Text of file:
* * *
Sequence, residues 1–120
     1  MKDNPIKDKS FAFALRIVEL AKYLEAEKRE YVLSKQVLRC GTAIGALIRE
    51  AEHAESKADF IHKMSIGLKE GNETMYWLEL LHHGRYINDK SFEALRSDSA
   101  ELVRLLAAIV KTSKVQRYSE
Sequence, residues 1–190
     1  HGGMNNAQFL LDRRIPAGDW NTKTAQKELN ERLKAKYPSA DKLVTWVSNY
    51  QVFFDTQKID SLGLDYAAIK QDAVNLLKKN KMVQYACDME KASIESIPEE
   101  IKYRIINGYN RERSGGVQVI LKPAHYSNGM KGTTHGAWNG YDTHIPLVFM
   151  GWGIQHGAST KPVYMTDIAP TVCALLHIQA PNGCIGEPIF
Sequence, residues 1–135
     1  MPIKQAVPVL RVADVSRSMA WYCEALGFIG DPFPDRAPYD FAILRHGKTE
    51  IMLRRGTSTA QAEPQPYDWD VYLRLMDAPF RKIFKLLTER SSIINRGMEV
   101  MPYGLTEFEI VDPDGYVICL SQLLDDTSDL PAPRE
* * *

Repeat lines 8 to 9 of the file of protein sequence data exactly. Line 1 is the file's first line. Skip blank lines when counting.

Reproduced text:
   101  IKYRIINGYN RERSGGVQVI LKPAHYSNGM KGTTHGAWNG YDTHIPLVFM
   151  GWGIQHGAST KPVYMTDIAP TVCALLHIQA PNGCIGEPIF